Microsoft (MSFT) is set to announce its Q2 earnings after the bell on Tuesday, one day after it revealed it is engaging in a multi-year, multi-billion dollar investment in OpenAI in an attempt to better tackle competitors ranging from Amazon (AMZN) to Google (GOOG, GOOGL). The announcement also follows the company’s decision to cut some 10,000 jobs as it contends with a slowdown in cloud growth and PC sales.
Here’s what analysts are expecting from the quarter, as compiled by Bloomberg, versus how the company performed in the same quarter last year.
Microsoft made a splash on Monday announcing that it will invest billions in the creator of the buzzy ChatGPT chatbot: OpenAI. Microsoft also invested $1 billion in the company in 2019.
The investment is expected to help Microsoft further differentiate its cloud offerings from competitors like Amazon and Google. The company is also said to be bringing the technology to its Bing search engine, a move that could threaten Google’s search dominance.
But Microsoft is also dealing with flagging PC sales compared to the explosive growth the company saw throughout the pandemic.
Analysts expect Microsoft’s More Personal Computing segment revenue to 15.5% year-over-year. According to Gartner, PC sales fell off of a cliff in Q4, dropping 28.5% year-over-year, and 16.2% for all of 2022.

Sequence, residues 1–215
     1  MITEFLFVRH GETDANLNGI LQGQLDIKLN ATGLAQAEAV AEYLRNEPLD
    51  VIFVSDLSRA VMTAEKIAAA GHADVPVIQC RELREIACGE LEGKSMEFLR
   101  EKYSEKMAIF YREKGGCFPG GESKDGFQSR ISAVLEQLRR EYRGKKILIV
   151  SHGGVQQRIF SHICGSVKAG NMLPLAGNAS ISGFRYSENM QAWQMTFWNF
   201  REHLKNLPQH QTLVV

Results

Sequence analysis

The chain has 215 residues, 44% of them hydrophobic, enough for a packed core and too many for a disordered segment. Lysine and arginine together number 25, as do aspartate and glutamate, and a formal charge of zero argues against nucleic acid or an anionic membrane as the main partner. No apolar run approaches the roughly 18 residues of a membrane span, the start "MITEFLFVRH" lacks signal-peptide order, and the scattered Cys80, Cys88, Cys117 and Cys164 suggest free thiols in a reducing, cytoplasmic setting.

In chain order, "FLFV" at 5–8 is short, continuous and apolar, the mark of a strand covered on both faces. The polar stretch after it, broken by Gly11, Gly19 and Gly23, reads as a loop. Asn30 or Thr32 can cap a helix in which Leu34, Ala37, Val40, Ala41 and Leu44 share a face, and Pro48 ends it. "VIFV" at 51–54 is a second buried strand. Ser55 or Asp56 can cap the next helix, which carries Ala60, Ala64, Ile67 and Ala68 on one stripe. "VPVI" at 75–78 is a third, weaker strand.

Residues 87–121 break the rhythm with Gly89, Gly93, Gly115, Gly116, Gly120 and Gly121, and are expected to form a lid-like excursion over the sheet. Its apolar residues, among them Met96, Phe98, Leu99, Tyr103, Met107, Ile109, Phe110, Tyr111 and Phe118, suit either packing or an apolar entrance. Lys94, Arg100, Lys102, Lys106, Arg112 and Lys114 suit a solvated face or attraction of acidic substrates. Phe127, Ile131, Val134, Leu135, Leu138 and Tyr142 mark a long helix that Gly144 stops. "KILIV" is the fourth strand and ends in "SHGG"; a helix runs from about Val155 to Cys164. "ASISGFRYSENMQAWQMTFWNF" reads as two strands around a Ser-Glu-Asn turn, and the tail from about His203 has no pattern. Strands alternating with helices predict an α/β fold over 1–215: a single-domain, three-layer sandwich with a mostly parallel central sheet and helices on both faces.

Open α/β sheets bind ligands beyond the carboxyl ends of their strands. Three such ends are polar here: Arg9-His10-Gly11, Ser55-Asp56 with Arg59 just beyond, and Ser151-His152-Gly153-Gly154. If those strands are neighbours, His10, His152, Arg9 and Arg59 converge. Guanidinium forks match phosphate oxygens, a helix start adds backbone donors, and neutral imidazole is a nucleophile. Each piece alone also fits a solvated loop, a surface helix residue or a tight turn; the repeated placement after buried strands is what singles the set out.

Cloud sales are also slowing as businesses pull back on spending amidst high inflation and interest rates. Microsoft’s Intelligent Cloud division’s growth is expected to slow from 26% in Q2 last year to 16.9%.
[Microsoft] saw deal moderation in the [small medium business] customer segment in F1Q (also seen in F4Q),” Jefferies analyst Brent Thill wrote in a note ahead of Microsoft’s earnings.
“In F1Q on the per-user side of the business, weakness was related to the SMB, while Azure softness was widespread. We expect these trends to eventually seep into the enterprise. This appears to be validated by CEO Nadella’s recent comments pertaining to two years of tech headwinds.”
The company is also continuing in its effort to purchase video game giant Activision Blizzard for $69 billion. So far, the Federal Trade Commission, the U.K’.s Competition and Markets Authority, and the E.U.’s European Commission have either lodged complaints about ,or are outright working to scuttle, the deal.